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Maternal or infant antiretroviral drugs to reduce HIV-1 transmission
Global Health Sciences Literature Digest
Published September 29, 2010
Journal Article

Chasela CS, Hudgens MG, Jamieson DJ, et al. Maternal or infant antiretroviral drugs to reduce HIV-1 transmission. N Engl J Med. 2010 Jun 17;362(24):2271-81.

In Context

Antiretroviral therapy (ART) used during pregnancy, labor, and delivery results in a large and statistically significant decrease in the risk of HIV infection in infants born to HIV-infected mothers.(1, 2) Ongoing risk of transmission occurs during breastfeeding, but this risk is reduced by extended postpartum maternal or infant use of ART.(3, 4) Studies have not directly compared the prophylactic effectiveness of these two treatment options.


To measure the efficacy of a maternal, triple-drug ART regimen of infant nevirapine (NVP) prophylaxis for 28 weeks during breastfeeding to reduce postpartum HIV transmission


Antenatal clinics in Lilongwe, Malawi

Study Design

Randomized controlled trial


Pregnant women and adolescent girls aged ≥14 years who are at ≤30 weeks' gestation, who have CD4 cell counts of ≥250 cells/mm3, hemoglobin levels of ≥7 g/dL, alkaline aminotransferase levels ≤2.5 times normal, and who have no other pregnancy-related complications, prior ART use, or serious infection. Infants must have weighed at least 2000 grams at birth, and mother and infant could not have any condition in which ART was contraindicated.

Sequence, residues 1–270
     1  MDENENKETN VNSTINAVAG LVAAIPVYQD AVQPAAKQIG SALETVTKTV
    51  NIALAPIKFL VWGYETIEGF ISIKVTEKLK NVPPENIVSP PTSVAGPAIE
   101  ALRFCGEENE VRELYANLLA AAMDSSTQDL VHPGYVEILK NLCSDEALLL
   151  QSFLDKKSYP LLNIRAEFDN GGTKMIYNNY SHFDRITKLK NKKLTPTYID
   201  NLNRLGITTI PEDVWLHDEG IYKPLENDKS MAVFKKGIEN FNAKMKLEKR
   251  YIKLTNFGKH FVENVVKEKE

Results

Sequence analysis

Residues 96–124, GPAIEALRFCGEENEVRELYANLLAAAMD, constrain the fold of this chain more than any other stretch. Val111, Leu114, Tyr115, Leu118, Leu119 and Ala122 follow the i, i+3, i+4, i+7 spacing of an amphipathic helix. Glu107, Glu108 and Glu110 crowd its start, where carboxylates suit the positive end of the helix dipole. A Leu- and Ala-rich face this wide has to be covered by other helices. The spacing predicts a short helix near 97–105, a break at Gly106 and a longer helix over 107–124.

The rate of HIV transmission at 28 weeks among all randomized infants and infants not found to be infected at two weeks; HIV-free survival by 28 weeks among infants without infection at two weeks

The treatment group consisted of maternal treatment with a single tablet of zidovudine-lamivudine twice daily plus NVP once daily for two weeks and twice daily until 28 weeks post-delivery. After 39 women were randomized to this regimen, the NVP was replaced with nelfinavir twice daily and given to the next 146 women. The remaining women randomized to the maternal treatment group were then given lopinavir and ritonavir. This change was in response to the Food and Drug Administration black-box warning for women receiving this regimen with CD4 counts >250 cells/mm3. The infant treatment group received NVP doses that increased with age. Adherence was measured by maternal self-report at five follow-up visits.

Mothers and infants were followed at 1, 2, 4, 6, 8, 12, 18, 21, 24, 28, 32, 36, 42, and 48 weeks after birth. A complete blood count and chemical analyses, including levels of alanine aminotransferase, were obtained from mothers and infants at delivery and at 2, 6, 12, 18, 24, 28, 36, and 48 weeks. Specimens were collected from mothers at screening and at weeks 4 and 8 of pregnancy. Infants were tested for HIV-1 infection at birth and at 2, 12, 28, and 48 weeks by polymerase chain reaction. Positive specimens were confirmed by retesting at the next visit. If an infant was lost to follow-up or died before a confirmatory test was obtained, a second specimen from the same day was tested at a reference laboratory. Specimens with discrepant test results at the local laboratory were retested at the reference laboratory. Final infection status was determined by review of test results by investigators who were unaware of study-group assignments.

Women were instructed to breastfeed their infants exclusively then to rapidly wean at 24-28 weeks. Treatment was continued until the infants were weaned or at 28 weeks if weaning had not yet occurred.

The probability of each endpoint was estimated using the Kaplan-Meier method. Hazard ratios were calculated using Cox proportional hazards models with adjustments for potential confounders. Infants were censored when they reached the endpoint, or at last HIV-negative test or 28 weeks, whichever came first.